A significative number of currently assessed GBS isolates were resistant to sulfamethoxazole/trimethoprim (17.95%). Frequent resistance to sulfamethoxazole/trimethoprim (53.85%) was previously reported among GBS isolates in Southern Croatia (Barisiæ et al., 2003), but not in any region of Brazil.

As reported in a previous study from Kuwait, GBS was the third most common cause of urinary tract infection, and the recommended therapy for acute uncomplicated cystitis in adults is sulfamethoxazole/trimethoprim (Sweih et al., 2005). Therefore, local epidemiological data are necessary in order to choose appropriate antimicrobial therapy. High level antimicrobial resistance among colonized, pregnant women is likely driven by antibiotic use, coupled with high transmission probabilities. Our current findings highlight the need for routine susceptibility testing of GBS, particularly in individuals with penicillin allergy, to ensure proper therapy. In Rio de Janeiro, penicillin remains the first choice among drugs for prophylaxis and treatment of early-onset GBS infections in our community.

The distribution of sialic acid levels in the serotypes of GBS tested was classified into three categories: (i) Low sialic acid content of less than 2.0 µg/mg of cell dry weight; (ii) Moderate sialic acid content of more than 2.0 but less than 4.0 µg /mg; (iii) High sialic acid content of equal to or more than 4.0 µg/mg. All GBS strains exhibited sialic acid content at different levels. Higher (> 4 µg/mg) contents were observed among some strains of serotypes Ia, Ib, III and V.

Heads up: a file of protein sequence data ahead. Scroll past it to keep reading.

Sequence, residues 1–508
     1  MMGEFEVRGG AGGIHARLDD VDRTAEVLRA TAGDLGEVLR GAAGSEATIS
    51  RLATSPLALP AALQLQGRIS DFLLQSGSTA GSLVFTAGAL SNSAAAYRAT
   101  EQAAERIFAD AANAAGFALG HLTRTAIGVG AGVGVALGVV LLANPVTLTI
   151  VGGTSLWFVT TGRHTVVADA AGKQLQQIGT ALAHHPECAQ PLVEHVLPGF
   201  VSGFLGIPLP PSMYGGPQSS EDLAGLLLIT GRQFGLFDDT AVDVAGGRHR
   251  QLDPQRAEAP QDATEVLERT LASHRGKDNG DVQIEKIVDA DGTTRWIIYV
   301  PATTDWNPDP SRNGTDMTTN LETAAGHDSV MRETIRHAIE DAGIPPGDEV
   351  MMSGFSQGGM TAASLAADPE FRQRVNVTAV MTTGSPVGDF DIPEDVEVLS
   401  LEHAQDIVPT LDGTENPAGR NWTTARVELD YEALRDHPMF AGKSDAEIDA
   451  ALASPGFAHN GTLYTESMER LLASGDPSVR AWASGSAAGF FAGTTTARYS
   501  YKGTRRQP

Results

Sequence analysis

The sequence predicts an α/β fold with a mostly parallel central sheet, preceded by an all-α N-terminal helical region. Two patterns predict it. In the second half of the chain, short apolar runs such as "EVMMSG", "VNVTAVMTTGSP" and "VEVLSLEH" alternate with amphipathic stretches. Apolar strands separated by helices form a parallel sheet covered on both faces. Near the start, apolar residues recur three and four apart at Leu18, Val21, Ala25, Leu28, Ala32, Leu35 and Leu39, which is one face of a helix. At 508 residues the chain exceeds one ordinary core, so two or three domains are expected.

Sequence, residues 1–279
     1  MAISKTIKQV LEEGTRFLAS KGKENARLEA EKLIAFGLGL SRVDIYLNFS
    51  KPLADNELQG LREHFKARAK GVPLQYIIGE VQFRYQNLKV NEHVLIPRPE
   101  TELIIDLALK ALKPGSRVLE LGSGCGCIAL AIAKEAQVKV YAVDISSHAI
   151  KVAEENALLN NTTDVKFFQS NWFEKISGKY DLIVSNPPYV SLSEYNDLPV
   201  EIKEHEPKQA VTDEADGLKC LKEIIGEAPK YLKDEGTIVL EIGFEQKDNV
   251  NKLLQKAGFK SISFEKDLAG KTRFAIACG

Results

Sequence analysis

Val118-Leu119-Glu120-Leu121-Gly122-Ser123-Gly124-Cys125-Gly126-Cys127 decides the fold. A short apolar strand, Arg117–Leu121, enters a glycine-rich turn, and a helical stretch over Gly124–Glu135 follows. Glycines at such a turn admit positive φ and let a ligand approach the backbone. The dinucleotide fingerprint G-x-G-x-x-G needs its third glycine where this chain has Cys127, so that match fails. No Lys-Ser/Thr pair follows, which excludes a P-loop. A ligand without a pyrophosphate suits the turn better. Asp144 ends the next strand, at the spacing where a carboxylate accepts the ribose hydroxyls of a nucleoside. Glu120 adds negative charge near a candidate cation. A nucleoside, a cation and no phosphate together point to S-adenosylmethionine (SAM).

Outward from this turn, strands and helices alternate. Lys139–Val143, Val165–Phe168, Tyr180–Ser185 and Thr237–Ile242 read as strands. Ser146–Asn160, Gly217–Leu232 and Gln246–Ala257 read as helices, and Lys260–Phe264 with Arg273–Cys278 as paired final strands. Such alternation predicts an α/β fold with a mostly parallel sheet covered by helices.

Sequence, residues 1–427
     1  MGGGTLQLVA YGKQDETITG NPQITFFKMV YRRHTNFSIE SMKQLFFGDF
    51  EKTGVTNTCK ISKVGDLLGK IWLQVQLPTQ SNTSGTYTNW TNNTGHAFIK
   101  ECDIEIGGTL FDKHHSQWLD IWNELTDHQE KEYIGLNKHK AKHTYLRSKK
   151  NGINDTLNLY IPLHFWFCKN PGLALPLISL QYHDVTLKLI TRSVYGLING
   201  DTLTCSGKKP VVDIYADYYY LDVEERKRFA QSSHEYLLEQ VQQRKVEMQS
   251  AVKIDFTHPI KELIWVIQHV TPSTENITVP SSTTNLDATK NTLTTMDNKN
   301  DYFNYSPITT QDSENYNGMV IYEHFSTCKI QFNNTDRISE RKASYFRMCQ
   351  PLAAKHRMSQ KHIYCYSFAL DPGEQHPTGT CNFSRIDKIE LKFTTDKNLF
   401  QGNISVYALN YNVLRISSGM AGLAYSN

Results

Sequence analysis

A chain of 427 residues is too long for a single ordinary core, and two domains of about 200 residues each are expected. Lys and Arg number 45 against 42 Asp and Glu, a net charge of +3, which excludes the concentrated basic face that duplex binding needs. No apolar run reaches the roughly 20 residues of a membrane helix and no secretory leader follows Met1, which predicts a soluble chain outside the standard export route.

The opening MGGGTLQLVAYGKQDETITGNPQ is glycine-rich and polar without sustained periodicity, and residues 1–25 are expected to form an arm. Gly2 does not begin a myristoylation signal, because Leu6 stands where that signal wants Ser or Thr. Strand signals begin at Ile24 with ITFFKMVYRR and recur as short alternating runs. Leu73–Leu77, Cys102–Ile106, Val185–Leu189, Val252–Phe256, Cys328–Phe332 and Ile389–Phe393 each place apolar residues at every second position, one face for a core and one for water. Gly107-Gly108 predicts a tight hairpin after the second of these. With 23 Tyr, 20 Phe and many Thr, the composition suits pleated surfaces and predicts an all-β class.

DNA fingerprinting by PFGE revealed identical genomic profiles demonstrating clonality amongst a few number of GBS isolates (Figure 1). Analysis of band patterns of GBS isolates by using both criteria established by Tenover et al. (1995) and Dice coefficient of similarity (Savoia et al., 2008) showed distinct clonal origin for the majority of isolates. However, different results were observed by both methods for some samples.

Figure 1

The criteria proposed by Tenover et al. (1995) that defined genetic events and categories of genetic and epidemiological relatedness allowed the differentiation of GBS isolates into 33 pulsotypes as follows: type Ia and Ib isolates, 3 and 2 patterns, respectively; type II strains, 3 patterns; type III and V, 12 and 8 patterns; non-typeable strains, 5 patterns. No predominant patterns were detected among GBS isolates.